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of Kenya and New Zealand, the animals suffer from a progressive
anaemia; they grow thinner and thinner, and finally lose control of
their limbs. In certain parts of the plains region of the United States
and Canada, on the other hand, iodine is the defaulter, and farm
animals (like the human population) suffer from the swelling of the
thyroid known as goitre, with all the attendant symptoms of low
chemical activity and stunted growth. In some areas, the lack of
iodine is so pronounced that the young pigs lose all their hair and
hardly any of them survive.
The shortages, as we have said, are primarily due to a deficiency
native to the soil. It is surprising but true that there are great
stretches of country which from the outset are unsuitable (without
special treatment) for stock-raising on any large scale, because the
ground simply does not have enough of one or another chemical
element. Countries composed of igneous rock often have a shortage
of calcium. In much of the west of Scotland, where the soil is poor in
calcium and phosphorus and the pastures have long been depleted
by grazing without any return in the shape of artificial manure, the
sheep are frequently afflicted with disease, there is a high rate of
mortality among growing lambs, and the carrying capacity of the
land is falling. Iodine is generally low in limestone districts, or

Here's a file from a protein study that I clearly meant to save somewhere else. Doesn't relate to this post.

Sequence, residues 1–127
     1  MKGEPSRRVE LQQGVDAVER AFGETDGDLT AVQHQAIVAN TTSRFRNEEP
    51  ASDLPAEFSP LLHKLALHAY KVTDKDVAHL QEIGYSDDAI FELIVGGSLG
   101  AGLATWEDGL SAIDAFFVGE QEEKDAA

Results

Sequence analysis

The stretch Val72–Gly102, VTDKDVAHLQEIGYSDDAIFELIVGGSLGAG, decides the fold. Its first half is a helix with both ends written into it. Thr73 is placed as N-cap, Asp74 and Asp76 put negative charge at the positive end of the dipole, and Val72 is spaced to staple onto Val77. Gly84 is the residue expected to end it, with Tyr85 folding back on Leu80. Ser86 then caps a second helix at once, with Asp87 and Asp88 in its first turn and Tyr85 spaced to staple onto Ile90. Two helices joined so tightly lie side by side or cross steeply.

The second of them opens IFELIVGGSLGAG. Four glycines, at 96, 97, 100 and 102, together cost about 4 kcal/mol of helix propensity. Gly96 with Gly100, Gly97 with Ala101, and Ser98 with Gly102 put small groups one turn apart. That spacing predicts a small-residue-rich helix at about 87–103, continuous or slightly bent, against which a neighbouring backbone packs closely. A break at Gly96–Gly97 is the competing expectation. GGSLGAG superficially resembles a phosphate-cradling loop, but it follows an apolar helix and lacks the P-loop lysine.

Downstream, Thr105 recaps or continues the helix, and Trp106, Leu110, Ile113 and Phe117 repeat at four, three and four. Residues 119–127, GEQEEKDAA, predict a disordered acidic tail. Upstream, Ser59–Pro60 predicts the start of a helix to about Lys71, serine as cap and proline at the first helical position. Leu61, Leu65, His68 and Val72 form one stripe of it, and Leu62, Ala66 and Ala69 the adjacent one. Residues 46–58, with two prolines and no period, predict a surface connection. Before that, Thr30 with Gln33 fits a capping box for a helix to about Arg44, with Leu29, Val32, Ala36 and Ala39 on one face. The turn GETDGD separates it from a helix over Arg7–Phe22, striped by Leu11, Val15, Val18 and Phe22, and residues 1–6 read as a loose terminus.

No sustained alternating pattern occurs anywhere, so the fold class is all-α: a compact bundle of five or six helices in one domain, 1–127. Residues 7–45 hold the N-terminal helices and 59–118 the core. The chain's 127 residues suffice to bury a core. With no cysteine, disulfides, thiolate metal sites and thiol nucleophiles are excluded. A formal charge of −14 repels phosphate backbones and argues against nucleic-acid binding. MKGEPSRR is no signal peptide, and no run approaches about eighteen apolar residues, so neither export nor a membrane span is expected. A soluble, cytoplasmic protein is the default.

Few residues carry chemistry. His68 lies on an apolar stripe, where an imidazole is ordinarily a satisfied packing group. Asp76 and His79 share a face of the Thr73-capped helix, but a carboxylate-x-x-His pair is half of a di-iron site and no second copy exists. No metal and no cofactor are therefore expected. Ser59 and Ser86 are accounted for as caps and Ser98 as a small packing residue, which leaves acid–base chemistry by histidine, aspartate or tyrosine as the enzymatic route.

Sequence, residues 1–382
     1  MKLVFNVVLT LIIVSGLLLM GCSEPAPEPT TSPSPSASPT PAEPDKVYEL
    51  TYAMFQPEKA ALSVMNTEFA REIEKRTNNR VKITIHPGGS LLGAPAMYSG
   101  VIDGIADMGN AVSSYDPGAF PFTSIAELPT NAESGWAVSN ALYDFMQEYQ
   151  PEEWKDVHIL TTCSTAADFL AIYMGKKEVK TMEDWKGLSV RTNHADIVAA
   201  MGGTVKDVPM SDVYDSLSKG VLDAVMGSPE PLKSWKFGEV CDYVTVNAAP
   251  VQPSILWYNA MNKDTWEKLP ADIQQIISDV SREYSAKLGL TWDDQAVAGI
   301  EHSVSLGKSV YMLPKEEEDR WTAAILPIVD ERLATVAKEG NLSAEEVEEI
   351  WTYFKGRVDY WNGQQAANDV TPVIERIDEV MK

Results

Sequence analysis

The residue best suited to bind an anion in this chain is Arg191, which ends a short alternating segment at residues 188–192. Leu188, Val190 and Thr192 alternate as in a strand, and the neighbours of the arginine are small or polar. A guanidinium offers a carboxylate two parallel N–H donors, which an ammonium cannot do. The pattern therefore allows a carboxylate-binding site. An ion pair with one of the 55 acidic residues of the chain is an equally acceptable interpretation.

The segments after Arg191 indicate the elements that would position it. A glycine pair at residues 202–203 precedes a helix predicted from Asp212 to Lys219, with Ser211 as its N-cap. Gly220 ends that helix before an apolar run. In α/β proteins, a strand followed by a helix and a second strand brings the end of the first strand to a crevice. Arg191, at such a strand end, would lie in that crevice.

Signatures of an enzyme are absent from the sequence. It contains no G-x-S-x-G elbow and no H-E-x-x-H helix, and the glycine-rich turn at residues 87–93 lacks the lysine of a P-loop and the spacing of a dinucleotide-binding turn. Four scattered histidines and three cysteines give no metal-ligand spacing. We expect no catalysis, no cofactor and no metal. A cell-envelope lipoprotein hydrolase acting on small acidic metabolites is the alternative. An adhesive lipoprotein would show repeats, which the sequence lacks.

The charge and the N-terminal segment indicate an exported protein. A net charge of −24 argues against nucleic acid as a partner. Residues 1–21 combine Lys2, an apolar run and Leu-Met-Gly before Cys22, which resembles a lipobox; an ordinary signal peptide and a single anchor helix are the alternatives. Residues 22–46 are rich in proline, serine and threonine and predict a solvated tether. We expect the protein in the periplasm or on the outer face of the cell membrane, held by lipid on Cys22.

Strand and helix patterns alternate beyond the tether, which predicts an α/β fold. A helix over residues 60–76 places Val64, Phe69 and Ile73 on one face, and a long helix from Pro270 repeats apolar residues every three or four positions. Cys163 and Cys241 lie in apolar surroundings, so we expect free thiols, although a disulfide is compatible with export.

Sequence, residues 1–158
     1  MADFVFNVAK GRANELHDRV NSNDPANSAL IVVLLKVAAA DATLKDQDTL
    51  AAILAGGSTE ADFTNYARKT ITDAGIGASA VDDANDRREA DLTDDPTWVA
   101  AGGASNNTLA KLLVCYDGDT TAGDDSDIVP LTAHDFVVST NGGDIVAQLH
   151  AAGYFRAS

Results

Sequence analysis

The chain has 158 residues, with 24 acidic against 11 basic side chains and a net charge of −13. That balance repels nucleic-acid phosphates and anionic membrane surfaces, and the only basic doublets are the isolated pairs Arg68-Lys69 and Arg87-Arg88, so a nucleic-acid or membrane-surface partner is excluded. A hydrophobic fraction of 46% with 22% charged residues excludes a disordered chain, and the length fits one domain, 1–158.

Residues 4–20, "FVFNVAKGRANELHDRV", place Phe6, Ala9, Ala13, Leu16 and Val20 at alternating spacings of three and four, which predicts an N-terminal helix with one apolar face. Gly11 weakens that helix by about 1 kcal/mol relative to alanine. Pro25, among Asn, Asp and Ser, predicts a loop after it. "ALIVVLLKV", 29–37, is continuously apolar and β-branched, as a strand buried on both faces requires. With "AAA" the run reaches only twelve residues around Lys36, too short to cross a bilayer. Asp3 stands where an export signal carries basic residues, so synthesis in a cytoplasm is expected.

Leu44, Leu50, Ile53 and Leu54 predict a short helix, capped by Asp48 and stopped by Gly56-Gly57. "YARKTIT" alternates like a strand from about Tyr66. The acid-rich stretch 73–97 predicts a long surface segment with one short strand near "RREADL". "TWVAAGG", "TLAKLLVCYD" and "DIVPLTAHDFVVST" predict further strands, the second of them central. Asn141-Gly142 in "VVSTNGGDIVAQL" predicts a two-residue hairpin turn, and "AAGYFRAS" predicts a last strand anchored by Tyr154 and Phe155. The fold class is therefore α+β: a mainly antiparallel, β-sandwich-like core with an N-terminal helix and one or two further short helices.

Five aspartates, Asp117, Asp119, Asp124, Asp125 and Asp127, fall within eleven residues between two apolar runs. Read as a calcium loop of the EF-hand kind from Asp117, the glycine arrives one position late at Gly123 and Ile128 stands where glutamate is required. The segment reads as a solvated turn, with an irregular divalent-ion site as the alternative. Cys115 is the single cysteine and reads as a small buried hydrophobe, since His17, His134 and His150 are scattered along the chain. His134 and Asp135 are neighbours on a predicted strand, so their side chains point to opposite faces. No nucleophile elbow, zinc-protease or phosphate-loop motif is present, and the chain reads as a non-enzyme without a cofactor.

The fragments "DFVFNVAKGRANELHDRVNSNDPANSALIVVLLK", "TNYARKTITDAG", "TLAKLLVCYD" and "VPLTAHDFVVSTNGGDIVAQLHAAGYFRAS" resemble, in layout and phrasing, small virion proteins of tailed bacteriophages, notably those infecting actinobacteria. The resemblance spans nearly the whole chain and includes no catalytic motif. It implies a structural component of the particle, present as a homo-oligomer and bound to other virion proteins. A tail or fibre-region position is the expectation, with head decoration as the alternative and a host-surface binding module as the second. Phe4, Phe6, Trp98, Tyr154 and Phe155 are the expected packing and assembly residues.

where, as in parts of North America, the great meltings that followed
the Ice Age have leached it out of the soil
Phosphorus is the trickiest of all these elements. It is the one which
usually is nearest to the border line, and there are very big tracts of
phosphorus-poor soil. In addition, drought apparently makes it
harder for plants to get phosphorus out of the ground, so that an arid
climate will turn a soil that elsewhere would be adequate into a
phosphorus-deficient one.
Why, then, are these regions of the earth's surface not bare of wild
animals? And how is it that man can generally thrive where his
cattle sicken? The answer is that the demands are a matter of degree.
No region is entirely without any of the essential elements. In nature,
a balance is soon struck. The country supports what it can support.
If animals fall sick, they are speedily eliminated; as soon as over-
multiplication of any grazing animal brings down the supply of any
element per individual to the danger point, migration relieves the
pressure. Man, on the other hand, attempts more intensive opera-
tions. He wants the land to carry the maximum amount of stock,
and to carry it all the time. Furthermore, different animals make